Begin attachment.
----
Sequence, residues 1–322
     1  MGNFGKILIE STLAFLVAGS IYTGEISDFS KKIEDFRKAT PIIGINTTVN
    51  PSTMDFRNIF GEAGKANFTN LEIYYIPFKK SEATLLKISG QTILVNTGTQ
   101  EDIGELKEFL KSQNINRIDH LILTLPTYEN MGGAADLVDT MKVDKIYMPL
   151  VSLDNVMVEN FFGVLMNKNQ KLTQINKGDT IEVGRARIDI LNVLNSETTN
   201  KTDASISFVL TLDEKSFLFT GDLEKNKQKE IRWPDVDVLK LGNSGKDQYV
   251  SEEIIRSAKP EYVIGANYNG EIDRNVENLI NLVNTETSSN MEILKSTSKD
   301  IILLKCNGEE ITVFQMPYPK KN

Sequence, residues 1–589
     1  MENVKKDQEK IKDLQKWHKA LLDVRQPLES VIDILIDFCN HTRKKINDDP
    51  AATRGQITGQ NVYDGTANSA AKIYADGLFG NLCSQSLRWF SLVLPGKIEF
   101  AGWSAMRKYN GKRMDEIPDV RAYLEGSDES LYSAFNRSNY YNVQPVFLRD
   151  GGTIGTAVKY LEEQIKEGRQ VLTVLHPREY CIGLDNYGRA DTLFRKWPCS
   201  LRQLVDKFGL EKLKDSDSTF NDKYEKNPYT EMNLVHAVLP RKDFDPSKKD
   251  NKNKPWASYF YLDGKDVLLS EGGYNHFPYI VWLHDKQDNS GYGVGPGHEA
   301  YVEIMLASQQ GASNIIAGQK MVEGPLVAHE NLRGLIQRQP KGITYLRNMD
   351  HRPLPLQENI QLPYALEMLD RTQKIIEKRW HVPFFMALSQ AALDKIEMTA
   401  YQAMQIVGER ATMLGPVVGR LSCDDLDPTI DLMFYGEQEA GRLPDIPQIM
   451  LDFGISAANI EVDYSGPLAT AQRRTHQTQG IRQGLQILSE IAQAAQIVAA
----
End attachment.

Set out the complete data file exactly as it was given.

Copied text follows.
Sequence, residues 1–322
     1  MGNFGKILIE STLAFLVAGS IYTGEISDFS KKIEDFRKAT PIIGINTTVN
    51  PSTMDFRNIF GEAGKANFTN LEIYYIPFKK SEATLLKISG QTILVNTGTQ
   101  EDIGELKEFL KSQNINRIDH LILTLPTYEN MGGAADLVDT MKVDKIYMPL
   151  VSLDNVMVEN FFGVLMNKNQ KLTQINKGDT IEVGRARIDI LNVLNSETTN
   201  KTDASISFVL TLDEKSFLFT GDLEKNKQKE IRWPDVDVLK LGNSGKDQYV
   251  SEEIIRSAKP EYVIGANYNG EIDRNVENLI NLVNTETSSN MEILKSTSKD
   301  IILLKCNGEE ITVFQMPYPK KN

Sequence, residues 1–589
     1  MENVKKDQEK IKDLQKWHKA LLDVRQPLES VIDILIDFCN HTRKKINDDP
    51  AATRGQITGQ NVYDGTANSA AKIYADGLFG NLCSQSLRWF SLVLPGKIEF
   101  AGWSAMRKYN GKRMDEIPDV RAYLEGSDES LYSAFNRSNY YNVQPVFLRD
   151  GGTIGTAVKY LEEQIKEGRQ VLTVLHPREY CIGLDNYGRA DTLFRKWPCS
   201  LRQLVDKFGL EKLKDSDSTF NDKYEKNPYT EMNLVHAVLP RKDFDPSKKD
   251  NKNKPWASYF YLDGKDVLLS EGGYNHFPYI VWLHDKQDNS GYGVGPGHEA
   301  YVEIMLASQQ GASNIIAGQK MVEGPLVAHE NLRGLIQRQP KGITYLRNMD
   351  HRPLPLQENI QLPYALEMLD RTQKIIEKRW HVPFFMALSQ AALDKIEMTA
   401  YQAMQIVGER ATMLGPVVGR LSCDDLDPTI DLMFYGEQEA GRLPDIPQIM
   451  LDFGISAANI EVDYSGPLAT AQRRTHQTQG IRQGLQILSE IAQAAQIVAA